SOTU Response: The Misconception About the Cost of Prescription Drugs


The following was submitted last week as a letter to the editor:

This week, President Trump delivered his first state of the union address, where he discussed some of his priorities moving forward, including reducing the cost of pharmaceuticals. The President’s remarks perpetuate a misconception that the cost of prescription drugs is set by the pharmaceutical industry and that by reducing or restricting the manufacturers list price, the cost borne by patients will go down.

What patients pay for prescription medications is determined by a complexity of factors, including their healthcare plans, employers, wholesalers, pharmaceutical benefit managers (PBMs) and other variables. With the PBMs, for instance, pharmaceutical manufacturers provide discounts and rebates to reduce list prices on branded drugs. IMS Quintiles estimates these discounts reduce the list price of drugs by $127 billion, but just how much of these discounts are passed on to patients versus held on as profits for the insurance companies and PBMs?

It sounds simple, but policies to control pricing can have unintended consequences, not the least of which is thwarting the vital research and innovations that save lives and manage chronic illness.

It is important to also address the subtext of the President’s remarks, which implies that the pharmaceutical industry cares more about profits than patients. Illinois is home to over 45,000 researchers, doctors, lawyers and business women and men in the biopharma industry who have an unwavering commitment to improving patient lives. And our companies make patient access to life-saving medications a priority. Last year, Illinois-based companies helped over 400,000 patients receive the medication that they needed through their patient assistance programs.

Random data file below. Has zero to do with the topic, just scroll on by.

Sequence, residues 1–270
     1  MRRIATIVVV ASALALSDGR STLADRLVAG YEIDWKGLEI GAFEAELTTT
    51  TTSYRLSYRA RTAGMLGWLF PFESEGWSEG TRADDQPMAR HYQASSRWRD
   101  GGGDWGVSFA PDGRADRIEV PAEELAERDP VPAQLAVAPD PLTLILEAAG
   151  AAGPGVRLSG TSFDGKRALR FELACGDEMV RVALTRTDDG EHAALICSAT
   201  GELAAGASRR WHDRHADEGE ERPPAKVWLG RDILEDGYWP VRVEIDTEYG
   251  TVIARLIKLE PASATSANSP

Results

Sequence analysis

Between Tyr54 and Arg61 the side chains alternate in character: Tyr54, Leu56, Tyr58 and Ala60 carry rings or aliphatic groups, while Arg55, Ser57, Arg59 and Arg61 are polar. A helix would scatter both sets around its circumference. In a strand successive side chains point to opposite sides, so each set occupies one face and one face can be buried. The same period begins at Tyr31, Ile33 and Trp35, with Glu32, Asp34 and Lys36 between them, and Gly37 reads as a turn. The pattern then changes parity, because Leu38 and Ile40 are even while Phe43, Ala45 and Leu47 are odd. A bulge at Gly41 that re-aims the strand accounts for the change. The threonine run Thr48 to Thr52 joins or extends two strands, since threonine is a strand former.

The pharmaceutical and biologic companies are often the bad guy in the story, but without us, there is no story. People forget the years of work, effort and expertise that goes into maintaining good health and good quality of life.  But we don’t. It is our dedication and mission every day. We call on our local elected officials to support policy that expands patient access while improving patient safety and promoting an innovative economy.

For more information about how prescription drug costs are determined and how policy can impact patient costs, visit

John Conrad
Interim President & CEO
Illinois Biotechnology Innovation Organization

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